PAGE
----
This exchange also revealed much about the way in which sexuality and gender remain wedded together in the vernacular imagination, since I’m speculating that it was my failure to adequately perform masculinity that prompted her to ask her question. What was it about me, I wonder(ed) that allowed her to read me as gay? Was it my ever-so-slightly “effeminate” affect and behavior? Was it my voice? My mannerisms? Some combination of the above? Some other affect that cannot be quantified but only felt by those that I come into contact with, something that triggers the proverbial “gaydar” in my fellow human beings? I don’t know the answer, and that in itself troubles me.
What’s more, this incident revealed to me, in a shockingly visceral sort of way, how privilege works in everyday life. This person asked me an incredibly invasive question, and without any sort of self-awareness that what she was doing was in any way intrusive. To her, it seemed perfectly natural and acceptable to ask this sort of question, and it probably never even occurred to her, in this Modern Family, post-Obergefell v. Hodges world, that such a question is itself a form of violence. She just assumed that I would be perfectly comfortable answering her question, and that it wasn’t a form of violation to ask me this in a public space (keep in mind that we had never met each other before this evening). To her, it no doubt seems that all gay men (and probably all queer people) feel comfortable confessing their orientations to complete strangers, regardless of the social setting.
Furthermore, it also forced me to consider: why did I even feel compelled to answer this question? What was it about the power relations that she established with that question that put me in the position where I felt compelled to answer? After all, I could have just told her, in a matter-of-fact way, that it wasn’t any of her business (which it wasn’t). Part of it, of course, stems from my own avowed investment in owning and displaying my queerness, but part of it also stems from the fact that I was expected to be willing to answer that question without feeling put upon or violated. For that matter, so were my friends, who were also asked the same perplexing question, in a similarly nonchalant manner. Her privilege, unassuming as it was, enabled her to ask this question without a trace of chagrin or discomfort.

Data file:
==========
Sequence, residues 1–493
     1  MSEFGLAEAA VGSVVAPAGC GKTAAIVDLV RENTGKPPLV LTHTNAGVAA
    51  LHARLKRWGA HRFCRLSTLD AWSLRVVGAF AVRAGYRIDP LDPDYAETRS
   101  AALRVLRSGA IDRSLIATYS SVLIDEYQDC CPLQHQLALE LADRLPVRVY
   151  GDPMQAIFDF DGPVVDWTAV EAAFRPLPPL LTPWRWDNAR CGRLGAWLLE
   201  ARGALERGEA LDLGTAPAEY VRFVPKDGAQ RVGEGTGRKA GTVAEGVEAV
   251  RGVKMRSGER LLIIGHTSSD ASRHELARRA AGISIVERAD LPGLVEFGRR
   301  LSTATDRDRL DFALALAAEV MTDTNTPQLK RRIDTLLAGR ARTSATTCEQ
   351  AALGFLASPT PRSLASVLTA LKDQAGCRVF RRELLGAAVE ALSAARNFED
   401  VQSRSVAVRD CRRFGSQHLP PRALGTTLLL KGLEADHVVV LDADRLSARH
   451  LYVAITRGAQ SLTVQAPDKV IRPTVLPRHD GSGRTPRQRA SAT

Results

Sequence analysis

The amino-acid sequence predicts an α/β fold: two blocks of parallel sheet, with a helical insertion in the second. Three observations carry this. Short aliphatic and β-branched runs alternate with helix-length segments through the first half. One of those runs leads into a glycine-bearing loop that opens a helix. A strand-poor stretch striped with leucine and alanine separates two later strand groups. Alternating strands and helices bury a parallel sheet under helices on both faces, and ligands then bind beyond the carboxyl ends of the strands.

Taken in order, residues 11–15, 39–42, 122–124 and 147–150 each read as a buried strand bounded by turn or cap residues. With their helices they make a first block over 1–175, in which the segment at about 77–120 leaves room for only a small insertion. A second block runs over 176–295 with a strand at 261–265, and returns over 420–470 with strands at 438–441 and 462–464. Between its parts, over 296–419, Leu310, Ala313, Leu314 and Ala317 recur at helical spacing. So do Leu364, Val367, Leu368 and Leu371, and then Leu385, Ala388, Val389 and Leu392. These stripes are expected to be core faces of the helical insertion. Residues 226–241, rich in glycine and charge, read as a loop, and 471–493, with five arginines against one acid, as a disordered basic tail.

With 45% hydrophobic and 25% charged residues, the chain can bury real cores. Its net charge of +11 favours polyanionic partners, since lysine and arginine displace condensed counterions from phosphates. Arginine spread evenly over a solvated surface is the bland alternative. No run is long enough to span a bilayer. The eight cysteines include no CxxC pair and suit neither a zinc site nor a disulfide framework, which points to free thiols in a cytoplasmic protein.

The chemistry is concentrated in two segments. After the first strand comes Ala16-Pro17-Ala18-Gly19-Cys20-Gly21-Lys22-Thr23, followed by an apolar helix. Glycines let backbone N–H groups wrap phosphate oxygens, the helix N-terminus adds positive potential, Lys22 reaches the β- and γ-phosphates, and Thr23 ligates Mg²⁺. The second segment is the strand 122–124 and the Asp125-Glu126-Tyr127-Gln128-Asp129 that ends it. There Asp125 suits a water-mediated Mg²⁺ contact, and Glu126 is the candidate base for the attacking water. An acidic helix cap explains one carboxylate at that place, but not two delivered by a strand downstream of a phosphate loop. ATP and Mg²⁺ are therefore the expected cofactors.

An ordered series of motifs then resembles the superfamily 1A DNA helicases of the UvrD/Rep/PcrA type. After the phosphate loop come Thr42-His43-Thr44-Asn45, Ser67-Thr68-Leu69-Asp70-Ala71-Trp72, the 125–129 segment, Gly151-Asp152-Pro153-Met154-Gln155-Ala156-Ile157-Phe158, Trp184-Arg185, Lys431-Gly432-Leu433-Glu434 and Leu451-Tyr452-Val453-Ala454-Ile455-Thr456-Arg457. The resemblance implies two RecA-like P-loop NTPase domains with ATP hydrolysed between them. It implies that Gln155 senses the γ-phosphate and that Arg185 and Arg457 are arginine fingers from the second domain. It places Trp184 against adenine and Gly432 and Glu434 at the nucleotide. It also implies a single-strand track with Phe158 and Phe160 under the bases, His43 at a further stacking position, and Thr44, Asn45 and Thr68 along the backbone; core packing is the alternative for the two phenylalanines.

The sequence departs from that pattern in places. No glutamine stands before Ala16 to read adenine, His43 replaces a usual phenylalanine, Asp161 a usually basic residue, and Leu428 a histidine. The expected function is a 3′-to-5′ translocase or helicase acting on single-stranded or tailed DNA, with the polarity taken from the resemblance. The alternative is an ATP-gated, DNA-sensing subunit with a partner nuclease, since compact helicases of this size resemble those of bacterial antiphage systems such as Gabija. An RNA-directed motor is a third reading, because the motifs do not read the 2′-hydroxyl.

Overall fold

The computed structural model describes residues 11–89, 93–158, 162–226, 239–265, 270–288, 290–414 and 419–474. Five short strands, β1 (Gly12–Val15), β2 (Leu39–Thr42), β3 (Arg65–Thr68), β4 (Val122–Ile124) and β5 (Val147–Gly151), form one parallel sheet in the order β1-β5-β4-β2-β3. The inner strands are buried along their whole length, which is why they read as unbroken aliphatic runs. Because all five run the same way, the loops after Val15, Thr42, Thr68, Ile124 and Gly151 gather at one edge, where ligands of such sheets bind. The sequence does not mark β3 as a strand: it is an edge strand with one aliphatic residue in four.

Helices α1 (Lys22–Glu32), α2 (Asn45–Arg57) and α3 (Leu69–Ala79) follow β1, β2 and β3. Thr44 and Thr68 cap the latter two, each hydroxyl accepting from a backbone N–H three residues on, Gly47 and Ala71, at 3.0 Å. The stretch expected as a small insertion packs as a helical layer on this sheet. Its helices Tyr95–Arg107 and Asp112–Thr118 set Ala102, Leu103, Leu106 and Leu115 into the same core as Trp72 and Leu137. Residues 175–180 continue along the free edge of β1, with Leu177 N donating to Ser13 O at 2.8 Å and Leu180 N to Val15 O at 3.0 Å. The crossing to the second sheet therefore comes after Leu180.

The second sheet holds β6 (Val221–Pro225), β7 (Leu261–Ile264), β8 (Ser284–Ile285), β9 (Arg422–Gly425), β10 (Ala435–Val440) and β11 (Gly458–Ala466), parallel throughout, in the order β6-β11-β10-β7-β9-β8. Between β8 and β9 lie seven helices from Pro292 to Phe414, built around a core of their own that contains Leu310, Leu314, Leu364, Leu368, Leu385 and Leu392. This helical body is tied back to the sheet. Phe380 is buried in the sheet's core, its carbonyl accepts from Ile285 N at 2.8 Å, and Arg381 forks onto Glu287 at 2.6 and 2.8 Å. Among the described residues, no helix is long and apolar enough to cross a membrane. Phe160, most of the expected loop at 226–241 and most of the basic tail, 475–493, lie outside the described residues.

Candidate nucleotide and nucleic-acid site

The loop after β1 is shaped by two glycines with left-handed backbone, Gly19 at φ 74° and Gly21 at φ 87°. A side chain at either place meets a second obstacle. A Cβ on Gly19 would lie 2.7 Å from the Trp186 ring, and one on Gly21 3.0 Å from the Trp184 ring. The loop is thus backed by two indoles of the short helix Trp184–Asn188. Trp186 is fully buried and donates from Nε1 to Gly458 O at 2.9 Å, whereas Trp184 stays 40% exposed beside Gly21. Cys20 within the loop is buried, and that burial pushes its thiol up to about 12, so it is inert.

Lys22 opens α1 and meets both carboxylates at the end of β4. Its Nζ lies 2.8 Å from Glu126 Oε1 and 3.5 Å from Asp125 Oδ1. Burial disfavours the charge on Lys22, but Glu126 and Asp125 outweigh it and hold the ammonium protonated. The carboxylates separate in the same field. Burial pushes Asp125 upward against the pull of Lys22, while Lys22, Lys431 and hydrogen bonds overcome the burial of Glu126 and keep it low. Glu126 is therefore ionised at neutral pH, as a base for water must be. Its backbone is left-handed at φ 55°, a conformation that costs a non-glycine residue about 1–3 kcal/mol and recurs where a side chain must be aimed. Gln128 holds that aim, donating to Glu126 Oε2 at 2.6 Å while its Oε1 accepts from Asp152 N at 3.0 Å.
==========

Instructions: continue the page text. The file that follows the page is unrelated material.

Some time ago, my brilliant colleague Melissa posted a brilliant piece on this blog about the power of gay male privilege, and what strikes me about my own encounter is how it is the inverse of her experience. Rather than being the recipient of said privilege, I was now being subjected to someone else’s. It was one of those increasingly common moments when I recognized that privilege works in all sorts of ways, not all of them immediately obvious. If we are truly invested in making this world a more just and equitable one for all citizens, we need to start by calling out these moments of privilege for what they are. If I could go back and redo that night, I would have informed her that it was none of her business, reclaiming my agency from her privileged grasp.
But I didn’t, precisely because it never occurred to me to do so.
And that truly disturbs me.
T.J. West III is a Ph.D. Candidate in the Department of English. His dissertation, tentatively titled History’s Perilous Pleasures: Experiencing Antiquity in Post-War Hollywood Film, explores the historico-biblical epic and the ways in which it attempts to mitigate the terrifying nature of modern history through an appeal to the ancient world. He teaches courses on film, popular culture, race, and gender, and in his free time enjoys watching The Golden Girls and nerding out over the works of J.R.R. Tolkien and their various adaptations. He frequently blogs at Queerly Different. You can follow him on Twitter @tjwest3.